Intro to Cone Crushing (5 min read)
An Intro to Cone Crushing
Autocross is a great way to scratch the performance itch with minimal cost and preparation. If you’re looking for a way to do some aggressive driving in a legal and safe manner, this is the perfect answer. Autocross courses are coned-“tracks”, with speeds usually no greater than 55-60mph. Each “run” typically takes around 30-40 seconds to complete.
I can’t drive 55, why so slow?
Although speed is key to getting a good course time, it’s not the most important factor. Rather, autocross focuses more on technical driving than going fast. It offers a great way to hone your cornering, braking, and hand/eye coordination skills. If you’re looking to get started in motorsports, or just simply curious to see how well your Focus ST handles, autocross is the answer.
What’s great about autox (that’s short for autocross to you newbies), is that it’s quite mellow compared to other forms of racing. To clarify, it's not mellow in terms of lax rules or management, but mellow in terms of worry-free intimidation, low participation costs, and you don’t need a race car to participate. In addition, race licenses and prior experience are not required. It’s a great way to spend a Saturday or Sunday (or both!), with plenty of stories to share at work on Monday. In fact, telling your work buddies you went “racing” over the weekend is sure to trump anyone’s “how was your weekend?” story.
In terms of preparation, as I mentioned, it’s pretty minimal for both you and your car. A Snell-rated helmet is typically all that’s required for the driver. If you don’t own a helmet, some organizations will rent you a loaner. HOWEVER, I’d highly recommend investing a few bucks and getting your own. There’s something quite nasta about wearing someone else’s sweat, and smelling the prior guy’s pastrami sangwhich on the chin guard. Oh, and take my advice, please don’t get an open face helmet. Reason one: it doesn’t look cool, and two: it offers the least amount of protection, and lastly: you pretty much screwed yourself if you want to do any other type of driving, as many organizations are shunning them for reason two. Invest in a good, closed face helmet, that will allow you to progress in the sport. No one likes having to buy things twice. Aside from a helmet, everything else is optional. Some drivers will opt for a good pair of driving gloves and shoes, but that’s really as far as driver equipment goes. Because speed is minimal, the potential of damage is on par. At most, you’ll probably get a cone scuff on your bumper. However, it does leave for a pretty cool battle scar story.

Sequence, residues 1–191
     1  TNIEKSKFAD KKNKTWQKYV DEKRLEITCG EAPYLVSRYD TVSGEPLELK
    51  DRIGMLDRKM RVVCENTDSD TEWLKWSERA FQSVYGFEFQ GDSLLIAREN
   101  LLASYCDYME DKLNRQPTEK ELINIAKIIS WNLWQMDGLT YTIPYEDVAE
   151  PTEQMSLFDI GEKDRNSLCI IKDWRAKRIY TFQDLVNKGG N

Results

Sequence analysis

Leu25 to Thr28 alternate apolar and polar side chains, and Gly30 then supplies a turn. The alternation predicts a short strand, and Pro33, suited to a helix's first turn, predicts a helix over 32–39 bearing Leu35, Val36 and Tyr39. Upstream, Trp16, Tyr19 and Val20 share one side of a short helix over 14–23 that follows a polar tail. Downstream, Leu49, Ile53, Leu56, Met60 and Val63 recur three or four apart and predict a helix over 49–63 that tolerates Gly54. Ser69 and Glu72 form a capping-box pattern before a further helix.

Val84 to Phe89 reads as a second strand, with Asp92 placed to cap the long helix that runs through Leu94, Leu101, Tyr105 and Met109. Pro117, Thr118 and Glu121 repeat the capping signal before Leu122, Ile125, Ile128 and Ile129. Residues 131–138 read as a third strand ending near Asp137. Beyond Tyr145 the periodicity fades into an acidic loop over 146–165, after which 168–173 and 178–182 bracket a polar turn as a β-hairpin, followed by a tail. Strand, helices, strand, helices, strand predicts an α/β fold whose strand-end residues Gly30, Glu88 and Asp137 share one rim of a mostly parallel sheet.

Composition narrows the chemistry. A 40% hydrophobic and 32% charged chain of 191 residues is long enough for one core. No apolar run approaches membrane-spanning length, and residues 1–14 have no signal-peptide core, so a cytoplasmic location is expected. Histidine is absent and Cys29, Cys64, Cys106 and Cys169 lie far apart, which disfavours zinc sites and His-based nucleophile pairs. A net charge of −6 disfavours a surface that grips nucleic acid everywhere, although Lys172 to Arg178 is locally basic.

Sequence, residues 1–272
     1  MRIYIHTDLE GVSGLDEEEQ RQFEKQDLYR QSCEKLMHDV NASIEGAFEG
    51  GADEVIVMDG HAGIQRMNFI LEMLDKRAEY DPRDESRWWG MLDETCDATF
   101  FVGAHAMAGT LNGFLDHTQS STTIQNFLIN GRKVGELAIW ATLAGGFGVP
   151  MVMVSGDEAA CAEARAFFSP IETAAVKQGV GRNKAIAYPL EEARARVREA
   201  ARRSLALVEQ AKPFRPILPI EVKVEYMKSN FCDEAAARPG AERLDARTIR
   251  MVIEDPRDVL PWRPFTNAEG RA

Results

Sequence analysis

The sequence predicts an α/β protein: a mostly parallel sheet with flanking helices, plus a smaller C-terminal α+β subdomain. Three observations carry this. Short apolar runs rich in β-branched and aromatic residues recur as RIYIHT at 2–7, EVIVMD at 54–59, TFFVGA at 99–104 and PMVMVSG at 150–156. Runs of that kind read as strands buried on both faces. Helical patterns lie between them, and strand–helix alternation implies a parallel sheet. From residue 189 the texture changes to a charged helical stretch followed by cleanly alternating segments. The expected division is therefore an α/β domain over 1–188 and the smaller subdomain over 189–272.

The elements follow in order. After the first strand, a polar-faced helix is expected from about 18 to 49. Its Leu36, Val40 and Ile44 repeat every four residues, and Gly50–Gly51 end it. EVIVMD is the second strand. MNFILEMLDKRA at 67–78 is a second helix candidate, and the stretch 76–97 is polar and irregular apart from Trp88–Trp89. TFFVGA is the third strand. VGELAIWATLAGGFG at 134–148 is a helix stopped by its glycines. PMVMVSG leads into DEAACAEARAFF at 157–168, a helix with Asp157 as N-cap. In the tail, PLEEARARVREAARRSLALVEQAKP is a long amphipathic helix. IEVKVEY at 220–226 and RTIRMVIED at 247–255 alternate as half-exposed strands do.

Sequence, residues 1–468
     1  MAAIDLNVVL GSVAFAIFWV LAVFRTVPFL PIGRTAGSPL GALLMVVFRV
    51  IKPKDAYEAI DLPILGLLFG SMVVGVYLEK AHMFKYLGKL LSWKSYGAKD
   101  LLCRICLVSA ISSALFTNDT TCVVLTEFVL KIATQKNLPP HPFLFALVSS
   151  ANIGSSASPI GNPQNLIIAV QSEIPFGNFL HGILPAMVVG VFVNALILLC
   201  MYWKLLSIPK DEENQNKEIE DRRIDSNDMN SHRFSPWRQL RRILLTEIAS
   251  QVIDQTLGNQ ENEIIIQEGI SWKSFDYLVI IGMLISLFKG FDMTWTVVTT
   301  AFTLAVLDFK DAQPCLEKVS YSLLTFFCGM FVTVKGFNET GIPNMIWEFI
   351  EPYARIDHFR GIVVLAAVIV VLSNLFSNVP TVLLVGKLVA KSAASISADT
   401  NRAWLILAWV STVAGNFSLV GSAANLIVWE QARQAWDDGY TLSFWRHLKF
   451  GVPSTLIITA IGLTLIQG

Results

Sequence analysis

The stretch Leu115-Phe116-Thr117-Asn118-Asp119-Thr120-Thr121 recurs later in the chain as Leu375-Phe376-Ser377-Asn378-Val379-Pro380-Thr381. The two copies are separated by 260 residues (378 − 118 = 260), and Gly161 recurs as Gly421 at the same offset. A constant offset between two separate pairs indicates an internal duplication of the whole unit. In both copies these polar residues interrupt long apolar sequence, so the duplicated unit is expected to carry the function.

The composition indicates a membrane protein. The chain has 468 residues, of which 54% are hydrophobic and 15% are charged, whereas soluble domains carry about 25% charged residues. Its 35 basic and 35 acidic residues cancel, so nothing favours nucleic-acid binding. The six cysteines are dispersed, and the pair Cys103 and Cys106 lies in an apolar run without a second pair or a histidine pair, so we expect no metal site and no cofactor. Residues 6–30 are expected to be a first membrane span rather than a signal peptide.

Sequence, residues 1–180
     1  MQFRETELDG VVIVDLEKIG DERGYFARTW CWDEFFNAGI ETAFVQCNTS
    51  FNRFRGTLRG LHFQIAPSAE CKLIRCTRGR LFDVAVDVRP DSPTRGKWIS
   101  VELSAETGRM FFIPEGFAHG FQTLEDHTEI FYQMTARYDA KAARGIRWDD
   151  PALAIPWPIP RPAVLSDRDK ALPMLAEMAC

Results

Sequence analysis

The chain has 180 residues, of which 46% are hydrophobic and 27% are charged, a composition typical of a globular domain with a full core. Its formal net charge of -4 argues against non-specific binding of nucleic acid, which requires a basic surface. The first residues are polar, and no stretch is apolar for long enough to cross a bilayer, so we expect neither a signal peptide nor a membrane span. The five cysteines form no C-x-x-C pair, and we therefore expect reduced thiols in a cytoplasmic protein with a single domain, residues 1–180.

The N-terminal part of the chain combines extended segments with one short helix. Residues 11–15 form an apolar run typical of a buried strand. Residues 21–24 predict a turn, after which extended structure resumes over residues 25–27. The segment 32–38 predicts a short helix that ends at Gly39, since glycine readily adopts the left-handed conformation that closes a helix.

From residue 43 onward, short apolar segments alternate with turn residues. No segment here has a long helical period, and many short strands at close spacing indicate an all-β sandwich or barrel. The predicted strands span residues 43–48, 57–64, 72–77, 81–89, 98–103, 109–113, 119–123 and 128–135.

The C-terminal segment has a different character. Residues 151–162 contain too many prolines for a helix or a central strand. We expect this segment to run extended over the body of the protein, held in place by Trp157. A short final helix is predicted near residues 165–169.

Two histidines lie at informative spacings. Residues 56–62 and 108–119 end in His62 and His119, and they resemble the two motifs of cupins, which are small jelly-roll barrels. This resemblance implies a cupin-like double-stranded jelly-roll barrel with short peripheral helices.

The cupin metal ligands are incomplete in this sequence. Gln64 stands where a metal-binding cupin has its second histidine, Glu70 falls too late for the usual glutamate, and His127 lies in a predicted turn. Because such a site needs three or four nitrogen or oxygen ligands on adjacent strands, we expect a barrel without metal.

Some drivers will invest in a dedicated set of tires, like the Toyo R888, Falken Azenis, or Potenza RE-11. It’s really up to you. Autocrossing will wear out your tires quicker than you drive on the freeway, so be prepared to replace your tires a little quicker than you’re used to. If you’re new, I’d hold off on messing with tire pressures just yet. Tip: if you’re new to autox, this a great conversation starter to meet people at the track. This isn’t F1, so no one’s really keeping their tire pressures top secret. If you are, you’re an ass.
In terms of acceptable cars, you’re pretty much open to anything. There is a very wide range of car classes for anything ranging from a stock CRX, a slightly modified S2000, Lotus Elise’s, and even PopPop’s Lincoln Town Car.
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My recommendation? Everyone’s gotta do it at least once. It’s good fun, and you’ll learn valuable car handling and basic driving skills, that will allow you to progress into other areas of the sport. Autocross is a great starting ground, but quite honestly, you’ll probably catch the speed bug and want to go even faster. Once ready, I’d highly recommend getting into track day driving, which allows you to drive on a full-sized, dedicated racetrack. But for now, get the hell off the couch, and crush some cones!
If anyone has anything to add, or advise on where to participate, I welcome your comments below..